Effective vendor management is one of the imperative aspects of organizational success. In a progressively competitive market, vendor partnerships can offer significant advantages on multiple fronts which directly impact the organizational value offerings. However, ineffective control over vendor relationships may expose the organization to financial and notoriety hazard.
Outsourced materials and services are having an intense impact on final product quality. Any weakness in the overall organization manufacturing practices can create a ripple effect and transferred the vendor defects to the end users and finally negatively impact the Top-Line , Bottom-Line as well as reputation of the organization.
Three fundamental pillars of vendor management are Process, System, and Structure. These pillars are recognized to ensure success between a manufacturer and vendor and hence third party relationship model. In order to achieve optimum effectiveness of an outsourcing model, both vendor and manufacturer need to work as single team toward a unified objective, However, it is not uncommon top management witness managers and vendors at loggerheads for a variety of reasons.
In the present context, organizations are adopting various automated platforms to strengthen their vendor management practices. Without doubt, these technologies are helping organizations not only to streamline their vendor management process but also to enable them enhance the overall supply chain efficiency. Although these technologies have certain advantages, there are ample opportunities in terms of fundamental Management Control System to improve vendor management practices. Some of the critical aspects where weakness are generally observed are Outsourcing Need Identification, Ambiguity in Job Definition, Fragmented Supplier Base, Multiple Contacts, Total Cost Assessment, Stakeholder Coordination, Risk Assessment, Performance Management, Contractor Scorecard.
Improper process deployment, subjective review mechanism, and an inadequate RACI can hamper any vendor management system. Innovation technologies are of great help of our age but this fundamental trinity will prevent value pilferage and ensure strong foundation for growth strategic initiatives.
The fourth industrial revolution has already begun. In order to sustain presence and competitiveness, organizations are also transforming their business models. Appropriate preparation with strong management control system will be instrumental to embrace the change.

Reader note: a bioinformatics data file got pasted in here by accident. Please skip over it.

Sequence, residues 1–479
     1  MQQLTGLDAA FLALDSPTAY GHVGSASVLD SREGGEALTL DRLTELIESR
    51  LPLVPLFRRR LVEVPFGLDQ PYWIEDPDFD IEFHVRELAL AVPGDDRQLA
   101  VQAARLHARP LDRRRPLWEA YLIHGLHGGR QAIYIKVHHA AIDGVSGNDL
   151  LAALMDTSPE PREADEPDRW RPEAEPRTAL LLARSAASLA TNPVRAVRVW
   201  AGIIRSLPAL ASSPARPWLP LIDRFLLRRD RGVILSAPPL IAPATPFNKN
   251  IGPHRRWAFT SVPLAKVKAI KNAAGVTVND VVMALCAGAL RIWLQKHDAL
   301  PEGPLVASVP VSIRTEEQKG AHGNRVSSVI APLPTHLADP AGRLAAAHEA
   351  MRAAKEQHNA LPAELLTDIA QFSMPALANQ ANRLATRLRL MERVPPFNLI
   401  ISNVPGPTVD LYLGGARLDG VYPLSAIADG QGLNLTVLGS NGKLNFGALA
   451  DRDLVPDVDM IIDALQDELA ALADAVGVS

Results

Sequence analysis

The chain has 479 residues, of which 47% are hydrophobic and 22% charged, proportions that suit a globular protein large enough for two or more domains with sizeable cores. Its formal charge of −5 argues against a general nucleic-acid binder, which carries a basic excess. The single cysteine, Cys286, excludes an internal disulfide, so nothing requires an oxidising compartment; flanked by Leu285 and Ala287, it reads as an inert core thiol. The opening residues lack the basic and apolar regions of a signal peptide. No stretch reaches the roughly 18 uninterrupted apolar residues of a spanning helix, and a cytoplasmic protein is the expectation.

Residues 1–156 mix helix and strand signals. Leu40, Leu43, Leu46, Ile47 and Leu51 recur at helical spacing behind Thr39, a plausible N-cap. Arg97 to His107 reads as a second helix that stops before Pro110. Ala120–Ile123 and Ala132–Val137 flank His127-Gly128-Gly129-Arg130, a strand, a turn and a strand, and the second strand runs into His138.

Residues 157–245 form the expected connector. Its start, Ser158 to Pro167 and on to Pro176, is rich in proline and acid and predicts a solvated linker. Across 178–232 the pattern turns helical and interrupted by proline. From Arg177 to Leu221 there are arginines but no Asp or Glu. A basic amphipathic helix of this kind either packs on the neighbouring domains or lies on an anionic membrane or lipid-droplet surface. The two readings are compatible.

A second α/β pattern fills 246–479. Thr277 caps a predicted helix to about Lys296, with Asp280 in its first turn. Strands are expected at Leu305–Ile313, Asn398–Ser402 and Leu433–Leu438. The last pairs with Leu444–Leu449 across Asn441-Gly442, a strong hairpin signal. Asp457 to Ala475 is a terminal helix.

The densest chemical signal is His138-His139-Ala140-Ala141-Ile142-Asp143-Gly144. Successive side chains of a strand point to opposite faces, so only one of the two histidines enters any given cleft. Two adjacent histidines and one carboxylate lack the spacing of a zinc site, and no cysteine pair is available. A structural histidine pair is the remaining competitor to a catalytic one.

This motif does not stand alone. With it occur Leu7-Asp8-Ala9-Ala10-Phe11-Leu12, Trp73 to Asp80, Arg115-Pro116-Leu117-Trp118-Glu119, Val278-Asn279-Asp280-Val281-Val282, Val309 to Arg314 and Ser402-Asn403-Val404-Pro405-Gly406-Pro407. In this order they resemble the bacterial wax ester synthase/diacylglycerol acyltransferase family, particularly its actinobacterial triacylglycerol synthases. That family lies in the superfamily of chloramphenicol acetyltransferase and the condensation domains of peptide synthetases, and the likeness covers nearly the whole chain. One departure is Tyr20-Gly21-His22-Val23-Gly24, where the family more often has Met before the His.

The fundamentals of vendor management start at the pre-contact management stage. Ambiguity in job or requirement description disrupts the successive stages. A well-defined job scoping exercise, with agreed stage wise SLAs, KPIs and review mechanism establish an expectation with comprehensible terms.
Organizations are required to create a robust and transparent framework for both the internal and external process. Each layer of this framework should have clear defined process and control mechanisms. It is also important to consider equal weightages for pre-contract, in-contract, and post-contract aspects of vendor management. It is also crucial to setting up a two-way feedback mechanism between both parties to ensure the end product’s success.
Cost Effectiveness or Vendor Maturity, Responsiveness or Quality, Flexibility or Brand Value are the common challenges of the decision making process. In most cases, supply chain managers are constrained by numerous components, such as cost, perception, and clarity on requirement. In light of these limited conditions, different variables are frequently introduced that lead to value spillages. Given priority to the different business models and complexity, defining a static management control system is not possible. However, the basics of management control system remain same across the industries and geographies.
Key Focus areas of Vendor Management Control System: Job Scoping, Cost Model, SLA & KPI, RACI Matrix, Vendor Evaluation (Pre & Post Contact), Vendor Selection, Review Mechanism (In Contact), CAPA, Interdepartmental & Vendor Coordination, Job Evaluation, Regulatory, Environment
Procurement costs (direct and indirect) are managed through robust financial controls and historically these measures are enabling organizations to attain their financial commitments. In the journey of transformation from third party vendor to partnership models, the supplier management now extends far beyond from its traditional objectives. The primary difference between a traditional procurement and modern vendor partnership model is active engagement of vendor to enhance value, reduce risk and improve delivery and quality performance. Transformation from reactive management to planned vendor management can be achieved by leveraging Fundamental Management Control System and Innovation Technologies. Effective implementation of well-defined vendor management frameworks will assist an organization to not only reap complete benefits from vendor partnerships but also enable both parties to be in a position to achieve tangible and intangible advantages and mitigate associate risks.